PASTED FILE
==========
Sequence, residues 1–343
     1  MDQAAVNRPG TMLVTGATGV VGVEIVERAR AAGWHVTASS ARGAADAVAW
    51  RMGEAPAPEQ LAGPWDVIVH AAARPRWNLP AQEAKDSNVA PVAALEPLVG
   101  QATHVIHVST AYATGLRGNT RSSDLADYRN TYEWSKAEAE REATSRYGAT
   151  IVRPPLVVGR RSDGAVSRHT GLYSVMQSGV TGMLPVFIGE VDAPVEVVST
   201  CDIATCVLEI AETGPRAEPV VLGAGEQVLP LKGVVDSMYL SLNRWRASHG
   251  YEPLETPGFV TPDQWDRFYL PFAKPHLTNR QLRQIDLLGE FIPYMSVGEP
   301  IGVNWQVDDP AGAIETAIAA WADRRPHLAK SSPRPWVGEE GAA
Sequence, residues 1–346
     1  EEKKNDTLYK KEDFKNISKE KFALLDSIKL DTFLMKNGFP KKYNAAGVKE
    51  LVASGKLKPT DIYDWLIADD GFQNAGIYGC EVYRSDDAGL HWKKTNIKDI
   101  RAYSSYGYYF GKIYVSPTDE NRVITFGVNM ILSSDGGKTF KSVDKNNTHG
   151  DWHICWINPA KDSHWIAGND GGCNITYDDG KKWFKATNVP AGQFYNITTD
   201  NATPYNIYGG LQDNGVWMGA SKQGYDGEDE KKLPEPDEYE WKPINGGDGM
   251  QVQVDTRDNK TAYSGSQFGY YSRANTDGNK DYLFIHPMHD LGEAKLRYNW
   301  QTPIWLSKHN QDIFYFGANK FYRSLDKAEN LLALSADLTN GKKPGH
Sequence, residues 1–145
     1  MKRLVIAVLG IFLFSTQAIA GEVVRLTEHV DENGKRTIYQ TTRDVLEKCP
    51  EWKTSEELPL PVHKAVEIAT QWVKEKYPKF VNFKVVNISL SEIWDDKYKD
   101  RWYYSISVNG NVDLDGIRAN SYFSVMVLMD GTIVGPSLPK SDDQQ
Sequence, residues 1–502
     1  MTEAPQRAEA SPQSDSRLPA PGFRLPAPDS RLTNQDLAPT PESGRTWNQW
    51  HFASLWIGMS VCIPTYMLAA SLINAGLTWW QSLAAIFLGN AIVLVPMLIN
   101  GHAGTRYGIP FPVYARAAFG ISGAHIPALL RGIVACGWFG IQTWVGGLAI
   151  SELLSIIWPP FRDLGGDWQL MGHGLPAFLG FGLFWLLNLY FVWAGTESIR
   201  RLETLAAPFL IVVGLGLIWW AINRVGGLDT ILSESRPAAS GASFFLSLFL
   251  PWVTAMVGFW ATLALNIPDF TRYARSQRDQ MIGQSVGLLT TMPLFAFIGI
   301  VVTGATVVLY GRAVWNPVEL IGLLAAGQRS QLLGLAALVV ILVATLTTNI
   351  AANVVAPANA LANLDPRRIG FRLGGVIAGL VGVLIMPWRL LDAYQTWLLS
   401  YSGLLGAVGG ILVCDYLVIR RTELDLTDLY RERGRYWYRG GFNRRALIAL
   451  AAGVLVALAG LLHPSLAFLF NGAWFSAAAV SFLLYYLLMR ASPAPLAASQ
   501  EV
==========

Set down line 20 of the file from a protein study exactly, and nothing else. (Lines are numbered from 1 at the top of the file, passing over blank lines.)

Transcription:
   101  RWYYSISVNG NVDLDGIRAN SYFSVMVLMD GTIVGPSLPK SDDQQ